Struggling retailer GameStop’s stock curiously hit an all time high today. But it’s not because Sony, Microsoft, and Nintendo suddenly decided to stop selling their games digitally. And it’s not because a new set of Funko Pops has taken the internet’s imagination by storm.
No, the stock price jumped to an all-time high because some institutional investors bet on the company to fail, and a bunch of amateurs on social media decided to call their bluff and try getting rich in the process.
GameStop has struggled to reinvent itself as video games have increasingly gone digital. Now, established investors and Reddit day-traders are going to war over its future, and making the company’s stock price do ridiculous things in the process.
At the beginning of the year, GameStop’s stock was trading at just under $US20 ($26) a share. In the weeks since, it’s more than tripled in value reaching just over $US73 ($95) at its highest point today. “GameStop is up 174% in January to date, with its average daily rolling 10-day volatility peaking at the highest level in the nearly two decades the stock has been trading,” Bloomberg reported.
GameStop did not immediately respond to a request by Kotaku for comment.
As Ars Technica reported earlier this week, some investors spent last fall shorting GameStop’s stock, effectively speculating that it was overvalued and would implode, possibly making them a bunch of money in the process.
I am not a finance expert. Neither are you, most likely. But the principle of “shorting” is pretty straightforward: you think the price of an asset will go down so you borrow it, sell it at the current price, and then when the price goes down, buy it back to give it to whoever you borrowed it from and pocket the difference.
Meanwhile, people hanging out on subreddits like Wallstreetbets (self-described as “Like 4chan found a Bloomberg Terminal”) and the finance influencer realm of TikTok (nicknamed FinTok) started putting their money behind GameStop’s longevity. The internet-led campaign was made easier by low barrier-to-entry trading apps like Robinhood.
“[E]ssentially, people on WallStreetBets, along with several YouTube and TikTok investors guessed as long as a year ago that if they bought shares of GameStop at a low price, the short sellers would eventually be forced to cover their short en masse, which would drive the price up,” wrote Vice in another great explainer published this week.
Shorting seemed like a sensible bet considering months of bad news and poor financial reports coming out of GameStop. But then, as Vice pointed out, Reddit finance personalities began musing about how they thought GameStop was actually a great investment opportunity. The logic was based on how many other investors were already short selling it. Just today, CNBC reported that GameStop is “the single most shorted name in the U.S. stock market.”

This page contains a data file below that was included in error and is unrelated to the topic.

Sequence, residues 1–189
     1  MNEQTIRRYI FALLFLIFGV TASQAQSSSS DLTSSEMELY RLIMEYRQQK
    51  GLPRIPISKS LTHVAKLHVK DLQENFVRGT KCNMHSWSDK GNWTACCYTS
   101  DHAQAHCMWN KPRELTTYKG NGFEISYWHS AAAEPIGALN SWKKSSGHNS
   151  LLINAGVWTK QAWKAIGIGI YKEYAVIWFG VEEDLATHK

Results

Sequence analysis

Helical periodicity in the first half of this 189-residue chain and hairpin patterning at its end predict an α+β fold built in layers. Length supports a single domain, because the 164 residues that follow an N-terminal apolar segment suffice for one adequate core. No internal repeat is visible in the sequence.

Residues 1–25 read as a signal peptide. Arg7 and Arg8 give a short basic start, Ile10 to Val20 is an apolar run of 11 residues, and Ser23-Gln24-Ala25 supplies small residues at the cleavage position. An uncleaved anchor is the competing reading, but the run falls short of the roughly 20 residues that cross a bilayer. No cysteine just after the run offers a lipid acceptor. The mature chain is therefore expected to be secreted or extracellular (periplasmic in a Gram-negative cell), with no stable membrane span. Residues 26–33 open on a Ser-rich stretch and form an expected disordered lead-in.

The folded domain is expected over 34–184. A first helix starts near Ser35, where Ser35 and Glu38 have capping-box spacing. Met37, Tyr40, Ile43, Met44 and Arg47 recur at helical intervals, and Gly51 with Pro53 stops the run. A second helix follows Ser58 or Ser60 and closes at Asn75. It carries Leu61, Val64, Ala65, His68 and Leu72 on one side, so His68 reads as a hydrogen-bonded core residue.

If someone shorts a stock, i.e. sells it and gives the original owner an IOU, and then that original owner needs the stock back, they need to “cover” the short by buying additional stock. This helps pump up the price of the stock even further, making it more valuable and potentially creating a feedback loop where it just goes up and up and up as everyone scrambles to buy back from the same limited pool of shares.
One of the GameStop short sellers is Andrew Left, called “Wall Street’s Bounty Hunter” by The New York Times because of his reputation for shorting companies he considers weak and following up by publishing research about why the company is going to fail, or, in some cases, alleging outright fraud. Yesterday, Left put out a six and a half minute video on YouTube making his case for why GameStop is doomed. WallStreetBets in turn organised what finance pundit Jim Cramer called “an ambush,” pumping up up GameStop’s stock in a coordinated campaign to “squeeze” Left, forcing him to buy tons of stock of his own to “cover” his position and in turn making their shares worth even more. Jim Cramer is an absolute goon, but if anything fits the bill of “Mad Money” it’s this.
GameStop’s current stock situation then likely has less to do with its long-term prospects actually looking up than chaotic amatuer day-traders exacerbating existing weirdnesses in the marketplace. Some of those bullish on GameStop’s fortunes may have rightly sniffed out that short sellers were too negative on the company’s future. As with everything on the internet, what may have started as some people trying to (and succeeding at) making a bunch of quick cash has become much more, including a sort of crusade against Left as well as an unlikely source of GameStop fandom.
Earlier this month, GameStop announced Ryan Cohen would be taking a seat on its board. Cohen is formerly the CEO of the pet food website Chewy.com, but he’s already become a golden boy meme in the world of GameStop stocks. Search his name on Twitter and you’ll find people tweeting things like “Papa Cohen will take us all to mars suit up homies it will be a bumpy ride to the [rocket emoji] so u don’t fall off.”
It’s hard to know how much of this is genuine cult of personality, and how much of it is internet irony, but it speaks to what a bizarre moment GameStop is having right now and the unlikely confluence of events that created it.